Scaffold and Set High Expectations
Scaffold learning, and set high expectations for all students. The instructor should act as a bridge between students’ pre-existing knowledge and the next level of understanding . “Starting with small goals and scaffolding upon student knowledge, teachers can create opportunities for students to experience academic success” . Contrary to what some believe, being culturally responsive does not equate with “dumbing down” the curriculum. This misconception is largely due to the disparity between the backgrounds of most faculty and staff and those of the students they teach. “This disparity affects teachers’ expectations for their students’ optimal learning [...] the perceived differences in their students’ attitudes, lifestyles, and social networks define both their work and their responses to students” . Librarians should keep these high expectations in mind in the classroom and in one-on-one interactions with students.
Collections and Programming
Libraries can influence culturally-responsive teaching through collections and programming. Academic librarians can foster “diverse learning opportunities through culturally relevant library collections”  by purchasing works written by authors with diverse backgrounds and containing subject matter that reflects differing realities and perspectives, increasing opportunities for students to encounter views that might be different from their own. Libraries can also sponsor multicultural-themed exhibits and programs that promote diversity. These programs serve to educate students about different cultures while showing the library as a supportive, welcoming place for all students to study and learn.
Among the challenges many institutions of higher education face is their lack of diversity, especially among faculty and staff, as well as significant attainment gaps among minority groups. Librarians as academics have the power to be “agents of change” and, indeed, have a moral responsibility to support and facilitate student learning . As the “centers of campus” which serve all students, staff, and faculty, and by incorporating culturally-responsive teaching through our instruction, our collections, and our programming, academic libraries can have a significant impact on supporting diversity and student success at our institutions.
 “U.S. Census Bureau Projections Show a Slower Growing, Older, More Diverse Nation a Half Century from Now.” United States Census Bureau. Last modified Dec. 12, 2012. https://www.census.gov/newsroom/releases/archives/population/cb12-243.html.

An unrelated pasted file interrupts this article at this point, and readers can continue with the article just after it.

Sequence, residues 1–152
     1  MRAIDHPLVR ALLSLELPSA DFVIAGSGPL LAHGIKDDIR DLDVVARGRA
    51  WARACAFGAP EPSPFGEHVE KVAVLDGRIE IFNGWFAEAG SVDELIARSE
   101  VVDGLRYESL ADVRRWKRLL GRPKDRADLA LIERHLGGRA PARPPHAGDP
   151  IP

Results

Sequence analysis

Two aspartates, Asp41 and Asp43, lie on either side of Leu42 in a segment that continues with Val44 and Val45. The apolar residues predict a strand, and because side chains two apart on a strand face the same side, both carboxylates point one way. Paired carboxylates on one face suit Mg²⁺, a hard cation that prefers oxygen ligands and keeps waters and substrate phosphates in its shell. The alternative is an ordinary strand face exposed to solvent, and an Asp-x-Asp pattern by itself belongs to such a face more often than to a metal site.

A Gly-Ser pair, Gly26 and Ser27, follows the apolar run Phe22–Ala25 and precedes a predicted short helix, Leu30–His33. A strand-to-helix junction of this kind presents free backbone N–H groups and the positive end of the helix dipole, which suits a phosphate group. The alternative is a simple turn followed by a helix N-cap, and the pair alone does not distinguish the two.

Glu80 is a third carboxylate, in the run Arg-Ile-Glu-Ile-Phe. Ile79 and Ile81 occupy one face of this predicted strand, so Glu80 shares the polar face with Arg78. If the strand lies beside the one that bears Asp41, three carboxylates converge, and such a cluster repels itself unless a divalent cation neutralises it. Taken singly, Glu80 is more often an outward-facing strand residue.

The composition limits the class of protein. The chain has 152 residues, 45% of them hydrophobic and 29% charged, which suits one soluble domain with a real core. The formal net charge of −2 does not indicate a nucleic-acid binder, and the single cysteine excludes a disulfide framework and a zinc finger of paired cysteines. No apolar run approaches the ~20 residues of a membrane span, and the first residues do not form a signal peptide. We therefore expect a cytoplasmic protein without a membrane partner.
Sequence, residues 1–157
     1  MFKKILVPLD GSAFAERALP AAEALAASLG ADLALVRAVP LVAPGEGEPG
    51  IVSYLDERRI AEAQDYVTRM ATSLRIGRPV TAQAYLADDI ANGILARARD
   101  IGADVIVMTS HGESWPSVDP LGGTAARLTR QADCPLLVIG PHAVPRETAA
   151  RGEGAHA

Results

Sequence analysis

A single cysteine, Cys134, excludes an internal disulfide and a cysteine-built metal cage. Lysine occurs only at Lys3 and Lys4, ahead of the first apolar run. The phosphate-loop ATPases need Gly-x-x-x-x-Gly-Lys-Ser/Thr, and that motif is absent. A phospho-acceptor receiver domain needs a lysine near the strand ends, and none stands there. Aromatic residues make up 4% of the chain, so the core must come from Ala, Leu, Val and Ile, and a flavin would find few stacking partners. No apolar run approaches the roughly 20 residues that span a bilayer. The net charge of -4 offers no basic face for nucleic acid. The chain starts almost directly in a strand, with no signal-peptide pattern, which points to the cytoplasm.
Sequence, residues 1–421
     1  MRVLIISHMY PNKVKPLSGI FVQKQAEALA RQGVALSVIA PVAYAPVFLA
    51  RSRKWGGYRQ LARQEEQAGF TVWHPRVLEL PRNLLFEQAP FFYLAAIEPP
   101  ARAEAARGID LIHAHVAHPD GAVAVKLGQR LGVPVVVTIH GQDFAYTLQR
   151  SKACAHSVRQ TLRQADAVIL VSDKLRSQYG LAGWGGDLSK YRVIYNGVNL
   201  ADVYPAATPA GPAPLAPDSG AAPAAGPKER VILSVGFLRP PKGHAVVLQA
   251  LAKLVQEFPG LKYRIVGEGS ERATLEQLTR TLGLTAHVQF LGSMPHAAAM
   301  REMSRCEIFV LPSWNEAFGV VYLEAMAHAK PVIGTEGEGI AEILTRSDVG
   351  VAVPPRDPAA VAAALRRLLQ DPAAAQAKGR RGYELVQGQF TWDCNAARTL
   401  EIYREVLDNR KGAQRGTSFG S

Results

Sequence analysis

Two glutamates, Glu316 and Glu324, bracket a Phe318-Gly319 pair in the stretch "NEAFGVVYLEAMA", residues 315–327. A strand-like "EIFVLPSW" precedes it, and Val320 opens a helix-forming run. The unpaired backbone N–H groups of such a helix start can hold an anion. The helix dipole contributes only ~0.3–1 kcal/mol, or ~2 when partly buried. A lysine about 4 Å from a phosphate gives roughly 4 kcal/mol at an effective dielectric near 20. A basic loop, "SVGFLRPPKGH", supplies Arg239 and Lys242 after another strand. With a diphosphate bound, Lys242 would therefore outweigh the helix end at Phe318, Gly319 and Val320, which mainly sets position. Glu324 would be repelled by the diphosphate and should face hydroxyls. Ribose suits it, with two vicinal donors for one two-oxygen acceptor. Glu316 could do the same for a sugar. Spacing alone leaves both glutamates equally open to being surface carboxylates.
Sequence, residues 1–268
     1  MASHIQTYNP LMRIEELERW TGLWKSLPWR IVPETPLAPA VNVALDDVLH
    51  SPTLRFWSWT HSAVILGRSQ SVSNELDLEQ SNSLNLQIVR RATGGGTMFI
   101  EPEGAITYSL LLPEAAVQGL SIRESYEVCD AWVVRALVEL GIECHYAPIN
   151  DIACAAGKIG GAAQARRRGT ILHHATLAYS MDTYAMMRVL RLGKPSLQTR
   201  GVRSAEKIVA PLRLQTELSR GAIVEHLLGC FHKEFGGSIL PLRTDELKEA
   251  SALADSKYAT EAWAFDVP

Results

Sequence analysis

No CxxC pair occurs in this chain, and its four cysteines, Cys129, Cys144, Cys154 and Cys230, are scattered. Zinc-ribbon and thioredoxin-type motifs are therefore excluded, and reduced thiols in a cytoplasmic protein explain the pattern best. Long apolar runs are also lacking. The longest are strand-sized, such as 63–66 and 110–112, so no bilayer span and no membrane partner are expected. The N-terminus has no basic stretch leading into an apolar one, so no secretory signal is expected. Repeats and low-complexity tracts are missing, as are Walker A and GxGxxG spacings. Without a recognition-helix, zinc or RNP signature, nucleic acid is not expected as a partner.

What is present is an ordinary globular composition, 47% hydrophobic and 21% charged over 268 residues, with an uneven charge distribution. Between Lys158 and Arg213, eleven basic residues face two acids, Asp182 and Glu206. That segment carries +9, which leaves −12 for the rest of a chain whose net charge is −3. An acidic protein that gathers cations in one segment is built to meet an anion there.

Coffey, Heather. “Culturally Relevant Teaching.” Learn NC. Accessed December 15, 2015. http://www.learnnc.org/lp/pages/4474.
 Gay, Geneva. “Preparing for Culturally Responsive Teaching.” Journal of Teacher Education 53, no. 2 (2002): 106-116. http://www.uwec.edu/COEHS/upload/Pattee-Article.pdf.
 Atwater, Mary M., Tonjua B. Freeman, Malcolm B. Butler, and Jessie Draper-Morris. “A Case Study of Science Teacher Candidates’ Understandings and Actions Related to the Culturally Responsive Teaching of ‘Other’ Students.” International Journal of Environmental & Science Education 5, no. 3 (2010): 287-317.
 Mestre, Lori. “Culturally Responsive Instruction for Teacher-Librarians.” Teacher Librarian 36, no. 3 (2009): 8-12.
 Blas, Elise. “Information Literacy in the 21st Century Multicultural Classroom: Using Sociocultural Literacy.” Education Libraries 37, no. 1-2 (2014): 33-41.
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 Jabbar, Abdul and Glenn Hardaker. "The Role of Culturally Responsive Teaching for Supporting Ethnic Diversity in British University Business Schools." Teaching in Higher Education 18, no. 3 (2013): 272-284.
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 Doll, Carol and Kasey Garrison. "Creating Culturally Relevant Collections to Support the Common Core: A Framework for Teacher Librarians." Teacher Librarian 40, no. 5 (2013): 14-18.